[First Hit]

Datapages, Inc.Print this page

Permian Coal in Transantarctic Mountains, Antarctica--Quality and Quantity

D. A. Coates, G. D. Striker, E. R. Landis

Fluvial coal-bearing rocks of the Previous HitVictoriaNext Hit Group of the Beacon Supergroup crop out in a 2,000-km long belt from north Previous HitVictoriaNext Hit Land to the Ohio Range. Although coal beds as thick as 10.7 m have been reported, they are generally thinner and lenticular and commonly not more than 3 km in lateral extent. In north Previous HitVictoriaNext Hit Land, the small North Previous HitVictoriaNext Hit basin contains coal in the Takrouna Formation; in south Previous HitVictoriaNext Hit Land, the larger South Previous HitVictoriaNext Hit basin contains the Weller Coal Measures; and the southernmost and largest Nimrod-Ohio basin, which extends from the Nimrod Glacier to the Ohio Range, contains the coal-bearing Buckley Formation and its equivalents.

The 144 published analyses of Permian coal from this region indicate that as-received ash contents range from 3.2 to almost 50% with an arithmetic mean of 15.3%. As-received sulfur contents range from 0.0 to 4.8% with an arithmetic mean of 0.57%. Calculated apparent rank ranges from high volatile C bituminous coal to meta-anthracite.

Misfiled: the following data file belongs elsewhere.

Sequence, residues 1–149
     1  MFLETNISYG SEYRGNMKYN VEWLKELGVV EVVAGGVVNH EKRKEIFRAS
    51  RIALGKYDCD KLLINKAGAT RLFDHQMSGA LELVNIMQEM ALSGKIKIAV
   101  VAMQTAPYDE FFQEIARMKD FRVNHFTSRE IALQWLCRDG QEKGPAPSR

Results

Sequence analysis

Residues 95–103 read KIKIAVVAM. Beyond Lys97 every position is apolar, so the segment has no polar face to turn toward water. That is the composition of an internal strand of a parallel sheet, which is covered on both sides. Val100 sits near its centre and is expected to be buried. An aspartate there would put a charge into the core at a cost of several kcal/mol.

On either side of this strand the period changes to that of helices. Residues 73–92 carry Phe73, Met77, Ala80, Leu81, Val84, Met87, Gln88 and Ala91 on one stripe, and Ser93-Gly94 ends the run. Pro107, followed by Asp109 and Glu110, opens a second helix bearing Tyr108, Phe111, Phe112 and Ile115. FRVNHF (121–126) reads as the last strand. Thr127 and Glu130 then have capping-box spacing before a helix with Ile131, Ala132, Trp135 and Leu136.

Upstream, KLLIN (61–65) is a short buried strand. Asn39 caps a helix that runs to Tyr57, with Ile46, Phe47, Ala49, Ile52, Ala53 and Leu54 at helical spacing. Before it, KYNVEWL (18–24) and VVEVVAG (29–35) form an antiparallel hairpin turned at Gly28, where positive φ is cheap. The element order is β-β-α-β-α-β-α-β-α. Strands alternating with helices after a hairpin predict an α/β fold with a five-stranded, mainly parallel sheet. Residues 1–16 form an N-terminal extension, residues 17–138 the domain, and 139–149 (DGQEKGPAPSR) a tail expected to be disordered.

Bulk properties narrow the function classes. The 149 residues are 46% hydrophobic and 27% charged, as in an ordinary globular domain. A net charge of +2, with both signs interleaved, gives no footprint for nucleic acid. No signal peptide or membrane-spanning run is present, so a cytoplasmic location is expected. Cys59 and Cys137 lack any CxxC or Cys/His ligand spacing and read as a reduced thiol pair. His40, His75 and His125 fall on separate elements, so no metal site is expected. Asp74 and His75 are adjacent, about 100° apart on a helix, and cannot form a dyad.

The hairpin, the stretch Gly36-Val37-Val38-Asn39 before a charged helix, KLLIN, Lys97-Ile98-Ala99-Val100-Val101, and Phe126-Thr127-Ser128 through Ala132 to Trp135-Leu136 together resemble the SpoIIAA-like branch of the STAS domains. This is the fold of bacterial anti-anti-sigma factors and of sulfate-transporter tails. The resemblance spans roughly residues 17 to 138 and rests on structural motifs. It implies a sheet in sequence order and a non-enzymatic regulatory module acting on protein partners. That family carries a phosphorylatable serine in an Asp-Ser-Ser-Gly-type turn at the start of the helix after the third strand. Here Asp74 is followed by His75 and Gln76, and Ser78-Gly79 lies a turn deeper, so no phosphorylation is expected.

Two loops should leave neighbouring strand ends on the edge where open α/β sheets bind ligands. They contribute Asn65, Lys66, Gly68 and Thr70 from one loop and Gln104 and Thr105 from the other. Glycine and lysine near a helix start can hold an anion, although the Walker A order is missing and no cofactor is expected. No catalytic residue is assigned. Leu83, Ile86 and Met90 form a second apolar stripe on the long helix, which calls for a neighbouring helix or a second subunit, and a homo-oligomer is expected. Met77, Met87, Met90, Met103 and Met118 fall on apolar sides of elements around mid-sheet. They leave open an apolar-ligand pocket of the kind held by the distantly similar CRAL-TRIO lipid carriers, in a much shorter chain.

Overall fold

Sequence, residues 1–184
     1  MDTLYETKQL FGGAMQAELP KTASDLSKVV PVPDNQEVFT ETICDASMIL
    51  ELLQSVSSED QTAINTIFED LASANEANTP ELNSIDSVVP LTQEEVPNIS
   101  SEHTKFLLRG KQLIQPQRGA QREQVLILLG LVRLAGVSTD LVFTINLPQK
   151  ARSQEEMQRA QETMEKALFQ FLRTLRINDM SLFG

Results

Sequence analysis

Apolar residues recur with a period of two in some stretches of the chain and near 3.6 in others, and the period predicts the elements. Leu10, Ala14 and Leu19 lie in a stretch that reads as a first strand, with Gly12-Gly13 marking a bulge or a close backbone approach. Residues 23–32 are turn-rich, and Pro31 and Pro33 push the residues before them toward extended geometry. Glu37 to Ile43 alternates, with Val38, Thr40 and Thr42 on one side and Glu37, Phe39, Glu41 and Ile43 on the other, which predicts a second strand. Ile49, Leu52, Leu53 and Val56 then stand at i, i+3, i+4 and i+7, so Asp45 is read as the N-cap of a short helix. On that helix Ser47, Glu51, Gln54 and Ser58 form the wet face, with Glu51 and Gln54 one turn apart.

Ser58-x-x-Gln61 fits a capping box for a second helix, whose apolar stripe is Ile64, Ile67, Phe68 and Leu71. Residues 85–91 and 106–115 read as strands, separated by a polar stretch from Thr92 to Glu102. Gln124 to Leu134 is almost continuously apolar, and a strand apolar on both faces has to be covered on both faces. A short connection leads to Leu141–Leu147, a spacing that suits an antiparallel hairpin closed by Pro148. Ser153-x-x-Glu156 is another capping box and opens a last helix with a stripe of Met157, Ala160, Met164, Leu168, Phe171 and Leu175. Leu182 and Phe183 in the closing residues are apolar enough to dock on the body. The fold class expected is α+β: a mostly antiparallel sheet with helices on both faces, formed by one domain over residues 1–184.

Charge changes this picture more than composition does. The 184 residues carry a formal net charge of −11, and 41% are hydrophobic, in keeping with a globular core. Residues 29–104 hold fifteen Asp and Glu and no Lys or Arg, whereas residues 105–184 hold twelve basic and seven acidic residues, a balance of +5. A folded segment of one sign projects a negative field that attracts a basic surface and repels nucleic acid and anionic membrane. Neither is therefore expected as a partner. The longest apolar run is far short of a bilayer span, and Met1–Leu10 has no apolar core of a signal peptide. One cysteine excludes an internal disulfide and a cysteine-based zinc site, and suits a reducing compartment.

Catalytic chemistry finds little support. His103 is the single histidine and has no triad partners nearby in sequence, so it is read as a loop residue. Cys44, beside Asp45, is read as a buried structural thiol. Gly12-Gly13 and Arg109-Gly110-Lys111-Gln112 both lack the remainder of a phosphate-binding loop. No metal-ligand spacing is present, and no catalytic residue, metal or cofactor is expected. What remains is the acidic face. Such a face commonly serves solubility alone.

Paucity of data on coal thickness and distribution dictates that coal resource estimates be classified as hypothetical. Hypothetical coal resources, calculated on the basis of information from published geologic maps, geologic descriptions, and measured sections, total 3 billion MT in the North Previous HitVictoriaNext Hit basin, 50 billion MT in the South Previous HitVictoriaTop basin, and 100 billion MT in the Nimrod-Ohio basin.

AAPG Search and Discovery Article #91022©1989 AAPG Annual Convention, April 23-26, 1989, San Antonio, Texas.